More than 400 drivers who had unpaid tickets in Sonoma County will get their licenses back under a state amnesty program aimed at relieving millions statewide from snowballing ticket debt.
The program that started Oct. 1 applies to tickets that were delinquent before Jan. 1, 2013. It cuts outstanding fines by at least half and drops civil assessments that jack up the cost of some tickets to nearly $500.
One goal is to allow drivers who suffered suspensions from past-due fines to get their licenses reinstated.
Among them is Erin, a 45-year-old Petaluma woman who did not want her last name used. She said she fell behind on paying a ticket for speeding and other infractions a few years ago and lost her license. The situation left her unable to go to work and jeopardized her finances.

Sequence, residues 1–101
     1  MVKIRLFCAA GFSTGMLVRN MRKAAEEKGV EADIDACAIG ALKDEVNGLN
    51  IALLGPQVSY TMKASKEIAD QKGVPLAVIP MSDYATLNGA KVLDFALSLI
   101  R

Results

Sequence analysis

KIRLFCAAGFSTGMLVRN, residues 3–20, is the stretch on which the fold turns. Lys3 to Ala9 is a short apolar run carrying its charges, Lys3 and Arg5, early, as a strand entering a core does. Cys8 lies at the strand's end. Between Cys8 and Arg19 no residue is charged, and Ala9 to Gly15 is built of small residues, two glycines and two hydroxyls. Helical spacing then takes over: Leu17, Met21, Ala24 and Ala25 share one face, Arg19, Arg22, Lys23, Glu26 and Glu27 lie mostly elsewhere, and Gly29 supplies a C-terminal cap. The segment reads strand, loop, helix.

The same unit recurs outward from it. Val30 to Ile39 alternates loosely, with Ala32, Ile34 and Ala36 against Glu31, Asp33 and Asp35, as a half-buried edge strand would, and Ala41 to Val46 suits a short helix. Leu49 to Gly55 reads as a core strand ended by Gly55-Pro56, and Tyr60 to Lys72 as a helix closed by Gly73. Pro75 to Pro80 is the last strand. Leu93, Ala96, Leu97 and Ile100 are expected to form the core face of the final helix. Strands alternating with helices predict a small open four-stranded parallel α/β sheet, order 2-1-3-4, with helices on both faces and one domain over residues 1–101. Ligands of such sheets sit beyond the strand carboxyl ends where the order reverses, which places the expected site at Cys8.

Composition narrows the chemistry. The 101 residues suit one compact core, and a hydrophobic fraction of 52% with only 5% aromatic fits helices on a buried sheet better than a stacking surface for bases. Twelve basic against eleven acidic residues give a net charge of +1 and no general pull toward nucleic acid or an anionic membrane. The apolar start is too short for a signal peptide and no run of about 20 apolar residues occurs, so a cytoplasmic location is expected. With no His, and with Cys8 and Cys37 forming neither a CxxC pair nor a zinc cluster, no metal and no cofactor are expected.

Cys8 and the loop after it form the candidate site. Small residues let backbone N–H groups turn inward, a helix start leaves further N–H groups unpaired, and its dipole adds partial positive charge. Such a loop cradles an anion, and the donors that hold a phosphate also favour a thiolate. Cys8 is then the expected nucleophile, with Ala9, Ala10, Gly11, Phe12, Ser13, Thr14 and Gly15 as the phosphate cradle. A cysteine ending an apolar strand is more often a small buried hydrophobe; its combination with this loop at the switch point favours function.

“It prevented me from getting a job,” the woman said as she stood in line Tuesday at the courthouse to file amnesty paperwork. “I can’t get to where I’m supposed to be.”
Now, she said, she’ll get back on the road and become fully employed again.
Her situation is not unusual. Advocates at the Western Center on Law and Poverty estimated 4 million Californians lost their licenses because they couldn’t pay their tickets.
They said the state’s practice of tacking on fees for things such as building new courthouses has driven the cost of tickets to unreasonable levels.